Yet it was the Lord’s will to crush him and cause him to suffer, and though the Lord makes his life an offering for sin he will see his offspring and prolong his days, and the will of the Lord will prosper in his hand. After he has suffered, he will see the light of life and be satisfied; by his knowledge my righteous servant will justify many, and he will bear their iniquities. Therefore I will give him a portion among the great, and he will divide the spoils with the strong, because he poured out his life unto death, and was numbered with the transgressors. For he bore the sin of many, and made intercession for the transgressors.

You might also like:

 References:

Finding Jesus in the Old Testament by Rabbi Jonathan Bernis

Where does the Old Testament predict the coming of Christ? from GotQuestions.org

Where is Jesus in the Old Testament? by Aaron Armstrong

Jon Courson’s Application Commentary Volume 1, Nelson 2005

C. S. Lewis, MiraclesNew York: Macmillan 1960

[Image via John Kroll – Creative Commons]

10 thoughts on “Jesus in the Old Testament (Part 5): Isaiah 53

  1. Pingback: 2013′s Most Popular Posts on God Running | God Running

    • Thank you for your comments Andy! And no, I don’t mind at all if you link to this page from your site. You can use any content originated on this site, anyway you like, including use of it as your own, as long as:

      1) You use it to draw people closer to Christ.
      2) You don’t charge for it.

      God’s peace be upon you!

  2. Yes, this is so helpful Kurt. Thank you. By the way, which translation of the Bible is your quotation taken from? I like the wording.

    Of course we could add the evidence of the historical record explored recently so well by the Cold Case Christianity book. And the actual experience of Christians or would-be Christians who have found Jesus’ words to be true in their own experience when they agreed to try it out. You know my own story already here http://amblingsaint.wordpress.com/2013/01/02/can-christ-be-tested-out-in-practice-my-story/
    And there are many stories of other believers and doubters over the years.

    Once an honest seeker admits that God raised Christ from the dead (and there is much evidence historically that He did) and recognises the need to therefore acknowledge Him as Lord of oneself…that’s it, that’s how Christianity begins, isn’t it?

    Great series. Thanks again.
    Ambling

    • Thanks for stopping by Ambling, And thank you for pointing out about the additional evidence, both historical and experiential. Of course you’re correct, I’m really nowhere close to covering all the evidence for the reality and truth of Jesus Christ in this short series.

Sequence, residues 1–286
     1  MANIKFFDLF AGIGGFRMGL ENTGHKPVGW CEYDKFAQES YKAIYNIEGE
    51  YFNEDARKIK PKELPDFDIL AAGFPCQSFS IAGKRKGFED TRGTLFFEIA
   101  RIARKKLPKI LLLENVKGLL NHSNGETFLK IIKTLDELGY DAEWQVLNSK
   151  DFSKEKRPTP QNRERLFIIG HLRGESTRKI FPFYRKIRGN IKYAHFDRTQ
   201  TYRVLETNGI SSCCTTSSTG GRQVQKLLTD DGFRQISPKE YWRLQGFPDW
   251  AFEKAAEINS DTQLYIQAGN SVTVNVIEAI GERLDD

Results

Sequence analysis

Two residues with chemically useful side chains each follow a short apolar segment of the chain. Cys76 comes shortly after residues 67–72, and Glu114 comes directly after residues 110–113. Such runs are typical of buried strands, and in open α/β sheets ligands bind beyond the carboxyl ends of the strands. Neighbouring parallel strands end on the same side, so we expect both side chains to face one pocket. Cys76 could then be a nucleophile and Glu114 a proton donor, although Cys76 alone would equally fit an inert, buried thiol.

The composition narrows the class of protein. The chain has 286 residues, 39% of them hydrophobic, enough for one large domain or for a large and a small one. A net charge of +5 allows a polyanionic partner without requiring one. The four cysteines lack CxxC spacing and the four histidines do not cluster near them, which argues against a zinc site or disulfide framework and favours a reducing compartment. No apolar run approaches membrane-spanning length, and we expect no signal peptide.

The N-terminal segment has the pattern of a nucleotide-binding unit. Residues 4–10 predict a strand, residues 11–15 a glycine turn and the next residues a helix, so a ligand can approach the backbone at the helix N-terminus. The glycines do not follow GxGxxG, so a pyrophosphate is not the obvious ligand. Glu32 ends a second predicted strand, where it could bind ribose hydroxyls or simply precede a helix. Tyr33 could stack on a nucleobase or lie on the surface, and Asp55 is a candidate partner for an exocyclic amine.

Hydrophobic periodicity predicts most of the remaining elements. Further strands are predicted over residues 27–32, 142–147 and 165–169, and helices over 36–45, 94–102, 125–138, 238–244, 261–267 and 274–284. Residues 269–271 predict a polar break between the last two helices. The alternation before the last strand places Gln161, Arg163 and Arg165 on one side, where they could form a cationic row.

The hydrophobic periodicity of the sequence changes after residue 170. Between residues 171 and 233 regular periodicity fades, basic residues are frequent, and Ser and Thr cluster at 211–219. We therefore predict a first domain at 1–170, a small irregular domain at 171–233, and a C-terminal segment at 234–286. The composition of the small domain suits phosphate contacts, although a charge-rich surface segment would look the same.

To answer your question about the translation used in this post, it’s the NIV.

      Your own story that you linked to, “Can Christ Be Tested Out in Practice?” is one of my all time favorites. Thanks for including it in your comments.

      • Thanks Kurt, this is a great series. Very helpful and I love the way you engage with the mystery of prophecies BEFORE Jesus coming true in His life. As my brother once said – it’s so weird it MUST be true!

    • Thank you so much for posting this. Kurt, I hope you do not mind but I would like to recommend a book that really helped me. I was raised in a Jewish household and my entire family refuses to believe in Jesus’ divinity because, they were brought up not to believe, because their Rabbis told them so, or their parents told them so, etc. I was fortunate enough to marry a Christian woman who spent 20+ years slowly working on me and leading me to Christ. When I finally arrived I wanted to learn and share with my family in the hopes that they could seek their salvation, a good friend pointed me to this book:

      I Don’t Have Enough Faith to be an Atheist — it blew my mind that there is so much evidence of the truth of God and the truth of Jesus’ divinity, it helped my faith grow.

      I am seeking out more and more books on Apologetics so if anyone has suggestions I’d love to hear them.

      Keep the faith brothers and sisters!

      -Andy

      • Cold case Christianity is great for detective work around the facts of the gospel stories.
        Unapologetic is a lovely chat through the emotions of a believer and how it feels to pray. (Uses f word)
        From Eternity to Here is the love story of Christ, not apologetics but beautiful.
        Places of abiding with Jesus is my own inner journey of learning to walk in His beautiful Presence daily.
        Blessings
        Ambling